To pressure shade, just adjust the weight of the stroke to make the marks appear anywhere from super fine to super wide.

It’s recommended that when you do this type of shading, do it from your shoulder rather than just your wrist.

This will generate much neater and straight lines in your artwork (drawing from your wrist is great for the fine details but is prone to slightly curved lines happening).

Hatching & Cross Hatching

Hatching and cross hatching are two simple ways to create the appearance of shading without having to worry about doing any intense blends or gradients.

Hatches are just simply parallel lines on the surface that can be wide or fine set to emphasize shade tone.

Cross hatching, much like simple hatches, are just overlaying hatches at various angles.

This makes the shades appear much darker and is a great way to generate some contrast in your artwork.

Solvent Shading

gamsol for cleaning oil brushes

One of my favorite ways to make shades with colored pencils is through the use of solvents.

I don’t know if it was due to the fact that I had a knack for chemistry as a child, or that I just like the end results much better (perhaps a bit of both).

But when it comes to shading with colored pencils, the right solvent can quite literally dissolve the blender in your colored pencil and allow the pigment to mix harmoniously together.

Through solvents you get much smoother blends, which of course translates to much more subtle shades.

But when it comes to solvents, you really need to pay attention.

One particular solvent will not work for all colored pencils.

While its often exclaimed in some YouTube tutorials and blogs to simply use baby oil or rubbing alcohol, this always isn’t the best pick.

Depending on the type of colored pencil you have, you will want to pick the appropriate solvent.

Wax-based colored pencils (i.e. Derwent, Prismacolor, Crayola, etc.) should be used with xylene for best results.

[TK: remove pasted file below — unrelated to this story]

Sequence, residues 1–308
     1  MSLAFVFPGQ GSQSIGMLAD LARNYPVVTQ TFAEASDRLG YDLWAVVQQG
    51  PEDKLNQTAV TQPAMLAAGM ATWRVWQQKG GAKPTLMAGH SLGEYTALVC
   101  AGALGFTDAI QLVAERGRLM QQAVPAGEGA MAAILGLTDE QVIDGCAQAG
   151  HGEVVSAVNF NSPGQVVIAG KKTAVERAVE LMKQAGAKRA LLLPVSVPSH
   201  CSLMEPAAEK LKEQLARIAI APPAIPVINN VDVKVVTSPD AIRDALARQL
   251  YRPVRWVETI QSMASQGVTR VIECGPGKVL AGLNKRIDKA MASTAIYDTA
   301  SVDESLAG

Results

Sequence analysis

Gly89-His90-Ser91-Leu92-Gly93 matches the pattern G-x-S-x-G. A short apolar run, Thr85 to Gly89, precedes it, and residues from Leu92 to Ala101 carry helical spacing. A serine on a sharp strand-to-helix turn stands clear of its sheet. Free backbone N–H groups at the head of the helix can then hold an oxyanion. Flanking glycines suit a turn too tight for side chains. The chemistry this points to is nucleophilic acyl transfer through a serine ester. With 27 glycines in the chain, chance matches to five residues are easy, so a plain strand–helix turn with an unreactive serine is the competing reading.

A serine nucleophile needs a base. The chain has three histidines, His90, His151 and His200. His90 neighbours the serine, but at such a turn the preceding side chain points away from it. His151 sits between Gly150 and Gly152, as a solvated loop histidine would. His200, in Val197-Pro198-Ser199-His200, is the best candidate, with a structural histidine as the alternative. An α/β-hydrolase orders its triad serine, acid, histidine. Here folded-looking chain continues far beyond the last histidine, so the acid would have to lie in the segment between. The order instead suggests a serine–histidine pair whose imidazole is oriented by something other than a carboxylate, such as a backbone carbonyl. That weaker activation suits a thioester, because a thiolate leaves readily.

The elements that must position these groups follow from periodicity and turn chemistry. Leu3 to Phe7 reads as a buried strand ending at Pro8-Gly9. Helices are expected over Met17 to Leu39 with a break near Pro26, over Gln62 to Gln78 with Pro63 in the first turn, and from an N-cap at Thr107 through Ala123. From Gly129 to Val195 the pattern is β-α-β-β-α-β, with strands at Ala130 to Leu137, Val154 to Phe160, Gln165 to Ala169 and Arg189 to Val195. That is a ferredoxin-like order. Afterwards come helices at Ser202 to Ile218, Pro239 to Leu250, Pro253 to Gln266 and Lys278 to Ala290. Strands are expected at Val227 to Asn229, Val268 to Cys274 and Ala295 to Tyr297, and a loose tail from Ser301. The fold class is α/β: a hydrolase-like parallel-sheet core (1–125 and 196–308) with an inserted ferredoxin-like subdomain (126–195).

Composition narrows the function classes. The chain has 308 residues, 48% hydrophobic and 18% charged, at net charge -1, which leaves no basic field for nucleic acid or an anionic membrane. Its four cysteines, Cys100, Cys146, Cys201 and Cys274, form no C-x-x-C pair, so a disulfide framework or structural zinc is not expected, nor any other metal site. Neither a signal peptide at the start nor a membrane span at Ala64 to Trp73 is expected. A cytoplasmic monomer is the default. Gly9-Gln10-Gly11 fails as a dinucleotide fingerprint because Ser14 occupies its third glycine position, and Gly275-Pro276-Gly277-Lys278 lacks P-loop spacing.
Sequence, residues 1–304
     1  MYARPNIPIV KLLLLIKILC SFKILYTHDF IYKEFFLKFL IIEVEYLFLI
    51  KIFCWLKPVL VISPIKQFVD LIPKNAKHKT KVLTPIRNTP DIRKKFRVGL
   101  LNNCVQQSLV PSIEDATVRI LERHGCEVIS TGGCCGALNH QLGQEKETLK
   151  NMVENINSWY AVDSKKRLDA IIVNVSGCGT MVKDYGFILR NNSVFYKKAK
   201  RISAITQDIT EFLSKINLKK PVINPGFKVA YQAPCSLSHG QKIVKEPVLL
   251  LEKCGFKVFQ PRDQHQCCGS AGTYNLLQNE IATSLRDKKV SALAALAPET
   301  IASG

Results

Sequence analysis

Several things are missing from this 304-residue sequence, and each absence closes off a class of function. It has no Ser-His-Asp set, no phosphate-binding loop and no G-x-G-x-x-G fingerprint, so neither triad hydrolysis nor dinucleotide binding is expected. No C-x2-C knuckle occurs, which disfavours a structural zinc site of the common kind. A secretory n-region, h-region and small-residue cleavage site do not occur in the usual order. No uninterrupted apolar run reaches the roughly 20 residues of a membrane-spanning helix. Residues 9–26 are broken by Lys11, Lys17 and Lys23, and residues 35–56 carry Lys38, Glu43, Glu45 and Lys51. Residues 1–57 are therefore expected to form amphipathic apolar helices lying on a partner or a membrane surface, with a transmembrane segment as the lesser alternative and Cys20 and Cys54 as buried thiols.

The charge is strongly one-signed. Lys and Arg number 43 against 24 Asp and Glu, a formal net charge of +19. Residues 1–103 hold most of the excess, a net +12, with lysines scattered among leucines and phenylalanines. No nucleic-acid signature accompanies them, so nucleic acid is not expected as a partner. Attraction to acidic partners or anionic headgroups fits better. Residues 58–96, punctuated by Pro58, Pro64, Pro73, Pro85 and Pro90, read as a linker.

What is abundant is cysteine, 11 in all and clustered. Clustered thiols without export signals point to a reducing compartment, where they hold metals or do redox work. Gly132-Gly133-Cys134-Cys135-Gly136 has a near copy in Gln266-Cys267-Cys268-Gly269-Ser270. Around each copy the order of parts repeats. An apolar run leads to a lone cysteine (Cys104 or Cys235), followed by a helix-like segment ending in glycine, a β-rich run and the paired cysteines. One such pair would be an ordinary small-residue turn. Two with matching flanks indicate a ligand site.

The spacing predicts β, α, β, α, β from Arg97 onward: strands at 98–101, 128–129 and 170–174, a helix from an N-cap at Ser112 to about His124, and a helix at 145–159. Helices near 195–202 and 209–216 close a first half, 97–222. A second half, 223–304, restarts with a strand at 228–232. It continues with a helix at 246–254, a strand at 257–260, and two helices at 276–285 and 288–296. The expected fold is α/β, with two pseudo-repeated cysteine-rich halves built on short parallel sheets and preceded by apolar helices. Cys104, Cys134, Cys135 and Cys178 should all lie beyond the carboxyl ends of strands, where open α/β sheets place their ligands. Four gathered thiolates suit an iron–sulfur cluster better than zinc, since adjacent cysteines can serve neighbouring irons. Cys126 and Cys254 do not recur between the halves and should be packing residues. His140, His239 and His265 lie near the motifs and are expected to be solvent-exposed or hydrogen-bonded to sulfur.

While sure, baby and mineral oils may work – they are just simply not as effective as xylene.

For those few artists reading that have a set of Faber-Castell Polychromos, LYRA Polycolor’s or similar pencils with oil-based cores will want to use a different solvent.

If you have a background in oil pastels or oil paints, then you know that odorerless mineral spirts or turpentine will be perfect for this.

These solvents will break down the oil within the colored pencils to create beautiful shades.

Just be sure that you go with an artist grade odorless mineral spirits like Gamsol (pictured above) as it will be absent of any of the impurities or strong odors commonly found in hardware store brands.

Practice Shading

Naturally when it comes to any technique or application in art, practice is the most important factor to getting better.

To help see results, we strongly recommend that you practice regularly and with the same colored pencils and paper.

As you have learned above, colored pencil composition and paper tooth and texture can vary greatly from one brand to another.

Trying to practice how to shade with your colored pencils across a variety of surfaces will be notoriously tough to master.

When you keep all other things constant (supply speaking), you can see how your artistic abilities improve throughout time.

In addition, we also recommend that you date everything.

This can really build your confidence as an artist when you can compare your abilities in shading on a week-over-week and even month-over-month basis.

Whatever you do, just don’t let your art supplies gather dust between sessions!

If you miss a day or two – no big deal, get back in the studio and continue where you left off.

Lastly, and perhaps the most important factor, never forget to have fun while making art!